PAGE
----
Unlike when you see a retro laundromat façade and then walk inside to discover a hipster coffee shop with $15 avocado toast, Jeff Koehler’s “Darjeeling: A History of the World’s Greatest Tea” is not an ironically-titled wine book in disguise. This is a book solely about tea and focuses upon one of the most amazing tea regions in the world, Darjeeling. The reason I’m reviewing it here is that it’s a must-read for anyone the least bit interested in wine.
I’m a relatively recent convert to tea, having no relationship to the hot beverage growing up other than squalid herbal lemongrass & honey concoctions I was given when sick. The fine infusion of hot water and camellia sinensis is something I did not become hooked on until a trip to London in 2003. Ever since, I’ve been fanatic about it to the point where, at my apex of tea geekery, I drove an office carpool truly bat shit insane by constantly yabbering about it. “But Miquel,” you probably weren’t about to ask, “surely there’s not that much to talk about when it comes to tea?” There is and Koehler’s book is a wondrous 300 page deposition of “only” Darjeeling which I’m sure must have come about as self therapy to his own fixation with tea.
For most people, if there’s one name for a tea that comes to mind most readily, I’ll bet that it’s probably Earl Grey given that Jean Luc Picard on “Star Trek: The Next Generation” would always order it from the star ship replicators, “hot”, despite being… a Frenchman? The thing to understand is that Earl Grey is a type of teamaking (infusing black tea with bergamot) whereas Darjeeling is an actual region and so to understand its teas is like understanding Burgundy wines. Unlike Burgundy however, which has literal centuries of grape growing tradition, Darjeeling is a relatively new tea region and Koehler does an excellent, detailed job in explaining how it came about in the 19th century, basically as the occupying British Empire needed a recovery station up in the mountains.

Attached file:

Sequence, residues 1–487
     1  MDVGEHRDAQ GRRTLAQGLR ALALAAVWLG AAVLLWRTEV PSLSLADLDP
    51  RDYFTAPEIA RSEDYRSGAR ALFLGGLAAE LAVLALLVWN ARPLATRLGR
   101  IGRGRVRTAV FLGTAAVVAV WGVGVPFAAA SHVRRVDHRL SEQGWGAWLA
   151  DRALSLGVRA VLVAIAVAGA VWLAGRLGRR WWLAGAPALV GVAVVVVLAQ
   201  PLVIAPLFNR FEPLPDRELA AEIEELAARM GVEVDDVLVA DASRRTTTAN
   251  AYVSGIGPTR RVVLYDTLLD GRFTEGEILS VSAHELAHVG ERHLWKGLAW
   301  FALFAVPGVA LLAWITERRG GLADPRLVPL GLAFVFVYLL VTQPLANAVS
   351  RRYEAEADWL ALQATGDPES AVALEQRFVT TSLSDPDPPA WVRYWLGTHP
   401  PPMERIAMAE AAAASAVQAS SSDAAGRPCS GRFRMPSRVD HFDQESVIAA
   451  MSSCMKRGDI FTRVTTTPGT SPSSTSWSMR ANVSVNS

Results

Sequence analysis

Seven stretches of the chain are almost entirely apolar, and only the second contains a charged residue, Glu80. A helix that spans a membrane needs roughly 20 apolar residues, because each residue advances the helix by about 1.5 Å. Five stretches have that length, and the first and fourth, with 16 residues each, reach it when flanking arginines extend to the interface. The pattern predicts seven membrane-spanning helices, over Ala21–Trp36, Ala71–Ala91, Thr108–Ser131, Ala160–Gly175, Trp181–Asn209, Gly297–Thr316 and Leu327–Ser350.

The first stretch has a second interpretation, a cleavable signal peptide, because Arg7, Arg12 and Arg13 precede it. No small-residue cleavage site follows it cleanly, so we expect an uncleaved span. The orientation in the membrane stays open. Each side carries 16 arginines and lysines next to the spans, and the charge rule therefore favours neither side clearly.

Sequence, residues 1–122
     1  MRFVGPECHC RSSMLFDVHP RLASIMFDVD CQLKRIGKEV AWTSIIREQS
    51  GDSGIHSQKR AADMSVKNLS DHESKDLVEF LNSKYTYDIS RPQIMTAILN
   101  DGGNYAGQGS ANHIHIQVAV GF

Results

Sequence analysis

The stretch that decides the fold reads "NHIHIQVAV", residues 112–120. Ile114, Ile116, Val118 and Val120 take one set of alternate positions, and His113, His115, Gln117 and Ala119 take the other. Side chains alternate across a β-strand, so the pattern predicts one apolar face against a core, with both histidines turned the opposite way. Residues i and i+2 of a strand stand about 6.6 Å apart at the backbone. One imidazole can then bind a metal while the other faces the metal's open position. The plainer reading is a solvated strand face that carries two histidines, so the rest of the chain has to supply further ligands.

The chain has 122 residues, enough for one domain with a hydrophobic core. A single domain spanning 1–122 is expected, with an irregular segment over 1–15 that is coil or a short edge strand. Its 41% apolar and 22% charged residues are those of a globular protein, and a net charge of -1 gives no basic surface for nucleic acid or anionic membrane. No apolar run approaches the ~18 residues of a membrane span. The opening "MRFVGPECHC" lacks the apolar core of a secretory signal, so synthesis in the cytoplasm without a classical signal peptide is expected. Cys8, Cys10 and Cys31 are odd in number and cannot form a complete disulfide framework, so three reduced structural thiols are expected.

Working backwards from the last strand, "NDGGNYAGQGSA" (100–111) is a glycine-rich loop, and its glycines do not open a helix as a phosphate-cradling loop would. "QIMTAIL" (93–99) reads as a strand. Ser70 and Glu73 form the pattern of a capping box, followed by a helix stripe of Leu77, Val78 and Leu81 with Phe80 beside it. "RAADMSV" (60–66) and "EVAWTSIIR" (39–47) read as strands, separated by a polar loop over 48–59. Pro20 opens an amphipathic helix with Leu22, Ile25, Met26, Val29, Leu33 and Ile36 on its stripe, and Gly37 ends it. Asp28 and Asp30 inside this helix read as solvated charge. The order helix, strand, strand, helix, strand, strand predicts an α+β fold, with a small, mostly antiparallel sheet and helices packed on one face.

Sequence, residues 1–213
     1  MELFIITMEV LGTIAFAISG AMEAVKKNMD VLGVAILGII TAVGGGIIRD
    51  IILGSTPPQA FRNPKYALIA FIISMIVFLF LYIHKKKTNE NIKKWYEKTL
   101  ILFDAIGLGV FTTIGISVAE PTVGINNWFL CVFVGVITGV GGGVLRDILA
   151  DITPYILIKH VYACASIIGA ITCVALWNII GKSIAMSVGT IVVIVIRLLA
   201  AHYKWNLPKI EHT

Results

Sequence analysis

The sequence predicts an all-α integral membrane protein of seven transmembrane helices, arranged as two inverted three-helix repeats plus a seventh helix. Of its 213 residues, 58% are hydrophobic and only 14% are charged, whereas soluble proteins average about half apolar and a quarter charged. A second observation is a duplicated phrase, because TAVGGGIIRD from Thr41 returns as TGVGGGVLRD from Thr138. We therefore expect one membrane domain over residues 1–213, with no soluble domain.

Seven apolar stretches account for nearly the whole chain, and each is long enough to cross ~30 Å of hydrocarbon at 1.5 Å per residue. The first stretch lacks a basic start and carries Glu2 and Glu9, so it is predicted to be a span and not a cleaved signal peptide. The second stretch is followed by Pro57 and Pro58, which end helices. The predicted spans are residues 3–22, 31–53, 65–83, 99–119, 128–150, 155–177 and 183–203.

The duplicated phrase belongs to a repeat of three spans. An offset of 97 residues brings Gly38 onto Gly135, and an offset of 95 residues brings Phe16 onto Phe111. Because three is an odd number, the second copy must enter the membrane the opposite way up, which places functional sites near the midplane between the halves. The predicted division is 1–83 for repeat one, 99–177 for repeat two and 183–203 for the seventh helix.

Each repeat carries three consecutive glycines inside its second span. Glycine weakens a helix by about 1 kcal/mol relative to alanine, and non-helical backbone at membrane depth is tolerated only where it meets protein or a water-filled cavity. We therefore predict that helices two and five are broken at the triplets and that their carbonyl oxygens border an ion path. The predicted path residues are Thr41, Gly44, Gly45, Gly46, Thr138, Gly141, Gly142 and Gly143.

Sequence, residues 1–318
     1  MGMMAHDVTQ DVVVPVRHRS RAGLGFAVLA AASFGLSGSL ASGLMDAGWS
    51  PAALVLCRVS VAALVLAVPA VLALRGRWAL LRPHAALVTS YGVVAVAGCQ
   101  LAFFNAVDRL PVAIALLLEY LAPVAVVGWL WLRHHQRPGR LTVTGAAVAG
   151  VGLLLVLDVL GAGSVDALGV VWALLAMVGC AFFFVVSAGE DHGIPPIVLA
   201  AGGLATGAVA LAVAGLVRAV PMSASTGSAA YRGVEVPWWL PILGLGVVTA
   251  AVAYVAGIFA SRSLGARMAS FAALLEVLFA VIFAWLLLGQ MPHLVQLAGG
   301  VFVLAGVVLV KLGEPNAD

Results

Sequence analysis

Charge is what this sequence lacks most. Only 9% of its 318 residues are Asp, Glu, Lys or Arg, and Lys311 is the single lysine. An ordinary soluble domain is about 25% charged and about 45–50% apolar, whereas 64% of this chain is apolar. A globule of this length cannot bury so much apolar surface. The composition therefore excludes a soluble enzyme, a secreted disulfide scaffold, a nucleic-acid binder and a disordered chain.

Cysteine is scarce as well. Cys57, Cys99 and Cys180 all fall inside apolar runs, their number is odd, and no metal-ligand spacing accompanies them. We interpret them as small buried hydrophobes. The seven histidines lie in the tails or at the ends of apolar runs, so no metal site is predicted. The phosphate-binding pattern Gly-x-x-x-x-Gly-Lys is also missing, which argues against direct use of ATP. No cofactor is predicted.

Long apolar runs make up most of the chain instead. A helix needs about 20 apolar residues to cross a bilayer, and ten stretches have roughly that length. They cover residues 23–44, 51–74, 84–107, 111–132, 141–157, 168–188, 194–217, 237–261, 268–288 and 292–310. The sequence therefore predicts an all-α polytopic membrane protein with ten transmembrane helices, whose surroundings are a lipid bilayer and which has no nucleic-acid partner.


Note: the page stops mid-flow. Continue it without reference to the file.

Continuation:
There are countless interesting facts, anecdotes, and historical stories that are all brought to life by Koehler’s narration of the region going up through Independence and then how the tea region has fared since then. But, the book is much more than just a “history” and it delves into aspects that wine people will readily enjoy such as talking about the individual estates (terroirs) of Darjeeling as well as how tea is made as well as selected and graded as well as why some have shown a higher quality level over the years and thus have demanded ever-higher prices. If this all sounds familiar to the wine world, then you can understand why I’m recommending the book.
The last third or so of the book revolves around the current and future issues facing Darjeeling and again, there’s much for wine people to take from here. The development of “tea tourism” is incredibly similar to enotourism for example. Environmental questions weigh heavy on Darjeeling, much as they do in wine, with Climate Change taking center stage in the list of concerns. And then there’s the always-looming questions of generational change, evolution of the region, how to reach new consumers, and how to protect the brand.
While Koehler’s book is obviously about tea and some parts have no relationship to wine, the writing is clear, approachable, and inviting. It’s plain to see that he spent many months actually in the region–not just parachuting in for a week or two for snippets with a fixer doing the heavy lifting. He witnessed all the stages of harvest (again, something I fully didn’t understand until reading this) and ultimately crafted an excellent book. It’s a fine read for anyone who likes books about history but it’s an even finer distraction for anyone a bit tired of memorizing appellations in Bordeaux. Also, there are tasty tea recipes at the back!
(PS – Koehler now also has a new book called, “Where the Wild Coffee Grows that is also worthy of dive by anyone into this kind of in-depth work.)
Review copy purchased by reviewer